|The traditional Andalucian Patio, put simply, Andalucia is a good place to live.|
The typical Andaluz
There is no typical Andaluz, although there are typical characteristics. Most live in harmony with the foreign population, although many foreigners (colloquially dubbed guiris, from the word ghirigay meaning gibberish!) live separate lives and, unfortunately, make little effort to integrate. The Andaluz don't consider the Costa del Sol to really be part of Spain and when they come into contact with foreigners and it concerns official business, it can result in a profusion of confrontations and misunderstandings (few foreigners can fathom the Spanish psyche) and does little to cement relations. Spain overall has the most stifling (and over-staffed) bureaucracy in Western Europe and any encounter with officialdom is a test of patience. Official offices often open for only a few hours on certain days of the week and you should take along a copy of War and Peace, as you may be waiting in a queue for a long time.
The mañana syndrome is similar and is where everything is possible (no problema) tomorrow, which can mean later, much later, sometime, the day after tomorrow, next week, maybe next week, per-chance next month, possibly next year or never - but never tomorrow! The Andaluz in particular among the Spanish have no sense of urgency, treating appointments, dates, opening times, timetables and deadlines with disdain. If you really need something done by a certain date, never tell an Andaluz your real deadline.
Many people believe that the soul of traditional Spain is more materialistic than his forebears and he has taken to the art of making a fast buck as quick as any North American immigrant ever did. Progress has, however, been purchased at a high cost and has led to a sharp increase in the cost of living.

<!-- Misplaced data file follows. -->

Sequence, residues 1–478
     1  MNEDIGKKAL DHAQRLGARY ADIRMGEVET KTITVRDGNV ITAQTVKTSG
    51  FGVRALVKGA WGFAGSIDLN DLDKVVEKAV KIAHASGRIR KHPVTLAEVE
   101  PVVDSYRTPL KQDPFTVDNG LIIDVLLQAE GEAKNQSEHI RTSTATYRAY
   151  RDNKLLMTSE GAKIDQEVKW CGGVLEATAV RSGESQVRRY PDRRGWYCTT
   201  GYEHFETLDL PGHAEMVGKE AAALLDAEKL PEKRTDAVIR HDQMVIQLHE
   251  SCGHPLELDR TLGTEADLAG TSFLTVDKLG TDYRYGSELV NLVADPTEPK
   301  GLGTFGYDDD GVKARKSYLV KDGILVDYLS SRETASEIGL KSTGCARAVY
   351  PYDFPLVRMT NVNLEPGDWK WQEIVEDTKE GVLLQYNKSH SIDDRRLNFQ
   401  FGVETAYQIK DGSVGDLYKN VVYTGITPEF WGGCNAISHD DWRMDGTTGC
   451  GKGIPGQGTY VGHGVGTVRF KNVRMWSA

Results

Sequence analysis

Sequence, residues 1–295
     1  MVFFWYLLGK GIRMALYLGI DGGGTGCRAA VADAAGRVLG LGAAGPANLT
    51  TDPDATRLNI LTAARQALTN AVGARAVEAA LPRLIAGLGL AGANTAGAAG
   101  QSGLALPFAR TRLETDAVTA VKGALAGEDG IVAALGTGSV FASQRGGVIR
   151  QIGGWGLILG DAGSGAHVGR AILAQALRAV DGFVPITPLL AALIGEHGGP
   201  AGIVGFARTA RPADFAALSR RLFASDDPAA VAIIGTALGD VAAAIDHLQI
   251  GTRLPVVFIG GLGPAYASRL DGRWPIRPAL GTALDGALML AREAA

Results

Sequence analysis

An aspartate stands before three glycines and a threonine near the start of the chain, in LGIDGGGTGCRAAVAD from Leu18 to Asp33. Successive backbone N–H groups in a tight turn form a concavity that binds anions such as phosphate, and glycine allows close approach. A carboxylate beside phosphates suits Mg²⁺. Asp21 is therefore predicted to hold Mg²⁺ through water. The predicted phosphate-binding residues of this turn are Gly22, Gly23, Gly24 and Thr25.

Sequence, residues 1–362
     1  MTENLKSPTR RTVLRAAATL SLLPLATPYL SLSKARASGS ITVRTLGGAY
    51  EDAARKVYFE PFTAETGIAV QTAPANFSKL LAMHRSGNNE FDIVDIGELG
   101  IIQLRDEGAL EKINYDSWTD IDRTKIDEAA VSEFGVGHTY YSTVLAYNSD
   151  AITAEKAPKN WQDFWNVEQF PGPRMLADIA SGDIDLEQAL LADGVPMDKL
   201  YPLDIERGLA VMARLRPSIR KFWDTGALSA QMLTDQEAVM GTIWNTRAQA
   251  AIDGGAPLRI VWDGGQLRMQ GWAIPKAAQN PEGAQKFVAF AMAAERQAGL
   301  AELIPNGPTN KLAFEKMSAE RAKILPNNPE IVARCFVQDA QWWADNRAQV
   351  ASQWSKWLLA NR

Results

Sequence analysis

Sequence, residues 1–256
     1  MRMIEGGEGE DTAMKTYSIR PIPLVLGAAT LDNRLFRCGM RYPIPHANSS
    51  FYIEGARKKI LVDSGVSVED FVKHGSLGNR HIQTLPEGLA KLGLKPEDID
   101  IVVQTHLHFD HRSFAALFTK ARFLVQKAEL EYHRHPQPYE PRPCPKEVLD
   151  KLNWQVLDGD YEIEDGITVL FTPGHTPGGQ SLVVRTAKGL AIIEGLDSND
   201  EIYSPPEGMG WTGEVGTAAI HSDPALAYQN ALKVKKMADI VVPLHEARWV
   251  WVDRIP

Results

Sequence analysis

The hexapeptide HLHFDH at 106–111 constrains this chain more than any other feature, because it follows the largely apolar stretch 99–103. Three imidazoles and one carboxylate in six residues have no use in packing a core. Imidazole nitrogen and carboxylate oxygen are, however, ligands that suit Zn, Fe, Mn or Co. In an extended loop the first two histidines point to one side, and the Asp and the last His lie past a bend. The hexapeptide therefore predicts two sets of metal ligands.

Despite the inherent problems that go hand in hand with progress, the Andaluz people enjoy one of the best lifestyles and qualities of life of any European country, or indeed, any country in the world. The foundation of Andaluz society is the family and community, and the Spanish are noted for their close family ties, their love of children and care for the elderly (who are rarely dumped in nursing homes)., Andalucia has infinitely more to offer than its wonderful climate and rugged beauty and is celebrated for its arts and crafts, architecture, health care and technical excellence in many fields. For sheer energy and vitality, it has few equals and whatever it can be accused of Andalucia is never plain or boring. Few other places in the world offer such a wealth of intoxicating experiences for the mind, body and spirit (and not all out of a bottle!). The Spanish way of life is addictive and while foreigners may occasionally complain, most wouldn't dream of leaving and infinitely prefer life in Spain to their home countries. Put simply, Andalucia is a good place to live.
However, the real glory of the province lies in the outsize heart and soul of its people, who are among the most convivial, generous and hospitable in the world.
If you're willing to learn Spanish (or at least try) and embrace Spain's traditions and way of life, you'll invariably be warmly received by the locals, most of whom will go out of their way to welcome and help you.